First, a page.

The Pelicans got the last nine points of the third quarter, and the first five of the fourth, leaving the Thunder in a seven-point hole after having once led by a dozen. With 3:00 left, New Orleans was up 103-100, and Serge Ibaka was on the bench with six fouls. (Seven, if you count the technical, which you don’t.) This was not the best time for Kevin Durant, apparently healed of his toe sprain, to have trouble shooting. With 18 seconds left, it was NO 111, OKC 110; Tyreke Evans somehow missed two free throws, but the Thunder came up dry on the next possession, and Anthony Davis knocked down a pair to give the Birds a three-point lead with two seconds to go; incredibly, Russell Westbrook’s trey didn’t go, but he was fouled, and Russ scored all three free throws to tie it at 113 with 1.2 seconds left. Even more incredibly, Anthony Davis got in a trey just barely at the horn. New Orleans 116, Oklahoma City 113, and the Pelicans win the season series 3-1.
Between Davis, who got his 41st point of the night with that buzzer-beater, and Evans, who had a triple-double (22 points, 16 assists, 10 rebounds), it’s perhaps a surprise the Birds were held to a mere 116; they made 11 of 20 treys all night, shot 48 percent overall, got 25 of 30 free throws to fall, and held 26-19 advantages in assists and 46-40 off the glass. This is the number I’m looking at, though: the New Orleans bench, mostly Quincy Pondexter and Ryan Anderson, collected 36 points, while the Thunder reserves managed only 11.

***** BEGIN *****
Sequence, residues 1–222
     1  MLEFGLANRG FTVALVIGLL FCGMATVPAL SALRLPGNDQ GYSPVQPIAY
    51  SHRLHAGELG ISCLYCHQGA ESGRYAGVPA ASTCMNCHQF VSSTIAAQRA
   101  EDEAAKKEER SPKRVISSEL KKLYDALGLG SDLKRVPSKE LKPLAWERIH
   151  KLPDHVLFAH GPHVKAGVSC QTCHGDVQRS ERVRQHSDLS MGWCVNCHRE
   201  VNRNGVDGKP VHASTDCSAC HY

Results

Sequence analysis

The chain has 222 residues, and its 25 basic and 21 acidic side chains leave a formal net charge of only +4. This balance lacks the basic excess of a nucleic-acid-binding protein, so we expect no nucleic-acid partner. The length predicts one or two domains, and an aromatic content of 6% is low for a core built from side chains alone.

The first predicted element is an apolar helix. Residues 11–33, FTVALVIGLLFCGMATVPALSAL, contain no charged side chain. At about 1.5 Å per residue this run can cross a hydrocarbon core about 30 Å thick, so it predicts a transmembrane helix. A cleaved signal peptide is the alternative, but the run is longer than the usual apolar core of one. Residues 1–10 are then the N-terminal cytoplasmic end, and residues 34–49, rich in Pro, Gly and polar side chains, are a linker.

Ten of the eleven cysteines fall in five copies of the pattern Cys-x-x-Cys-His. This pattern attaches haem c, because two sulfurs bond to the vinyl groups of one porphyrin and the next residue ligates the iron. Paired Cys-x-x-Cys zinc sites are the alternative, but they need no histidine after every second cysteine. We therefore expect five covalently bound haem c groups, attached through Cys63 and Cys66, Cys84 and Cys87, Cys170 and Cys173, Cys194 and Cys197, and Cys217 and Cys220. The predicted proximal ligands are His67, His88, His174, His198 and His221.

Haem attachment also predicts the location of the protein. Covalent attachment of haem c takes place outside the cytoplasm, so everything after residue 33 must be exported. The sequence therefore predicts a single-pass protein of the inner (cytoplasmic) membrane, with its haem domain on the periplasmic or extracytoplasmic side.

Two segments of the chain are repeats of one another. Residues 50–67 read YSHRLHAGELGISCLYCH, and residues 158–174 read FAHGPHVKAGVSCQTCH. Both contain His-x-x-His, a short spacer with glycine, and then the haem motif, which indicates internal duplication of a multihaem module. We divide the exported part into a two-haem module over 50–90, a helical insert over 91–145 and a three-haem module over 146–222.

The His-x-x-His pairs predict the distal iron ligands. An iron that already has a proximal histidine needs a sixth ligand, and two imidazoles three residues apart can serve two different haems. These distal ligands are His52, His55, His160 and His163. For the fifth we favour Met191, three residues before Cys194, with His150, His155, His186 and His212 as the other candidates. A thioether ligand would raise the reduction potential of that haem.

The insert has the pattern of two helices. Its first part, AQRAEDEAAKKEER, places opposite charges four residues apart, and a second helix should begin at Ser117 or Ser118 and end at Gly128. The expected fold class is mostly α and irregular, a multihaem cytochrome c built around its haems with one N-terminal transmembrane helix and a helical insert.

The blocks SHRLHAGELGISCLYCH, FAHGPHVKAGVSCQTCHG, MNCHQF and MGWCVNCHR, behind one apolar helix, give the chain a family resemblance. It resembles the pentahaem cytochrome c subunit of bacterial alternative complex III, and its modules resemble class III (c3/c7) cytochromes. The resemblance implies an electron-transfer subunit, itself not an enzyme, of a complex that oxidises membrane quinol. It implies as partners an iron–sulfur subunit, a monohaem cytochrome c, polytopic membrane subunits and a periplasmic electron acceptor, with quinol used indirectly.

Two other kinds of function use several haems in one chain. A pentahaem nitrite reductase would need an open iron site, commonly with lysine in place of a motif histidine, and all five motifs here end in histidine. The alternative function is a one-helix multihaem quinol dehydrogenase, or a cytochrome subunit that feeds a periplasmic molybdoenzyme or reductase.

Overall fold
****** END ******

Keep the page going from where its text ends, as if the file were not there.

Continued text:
Among the OKC starters, Westbrook was clearly on: those last three free throws gave him 48 points for the night, a new career high. (Not to mention an average of 46.5 for the last two games.) Durant, clearly off, still came up with 27 points, albeit on 9-26 shooting; Ibaka and Steven Adams (also the recipient of a T) had 10 each.
The Clippers, who have obligingly dropped three in a row, will be here Sunday at noon. Maybe I’ll wake up for it.
You already know the story:
The bell tolls seven times and I arise;
my fast is broken with a bowl of gruel.
And twelve lines more, as Pop Sonnets takes on Rebecca Black’s “Friday.”
Somebody, I forget his name, said back in the Malaise Era that US energy policies were wacko, to the extent that if we had the last gallon of gasoline on earth, we’d probably sell it for 85 cents.
It would be more like two and a quarter today with prices on the rise again, I got only one chance to fill Gwendolyn’s 70-liter tank with Shell V-Power at under two bucks a gallon but while gasoline demand has been declining a bit, a reason for the previous price collapse that was popular among people who fear the wrath of Saudi Arabia, it hasn’t been declining that much, and current car buyers are paying even less attention to EPA fuel-economy estimates than usual. Demand, one might reasonably conclude, is relatively inelastic. And this is not the only commodity so affected: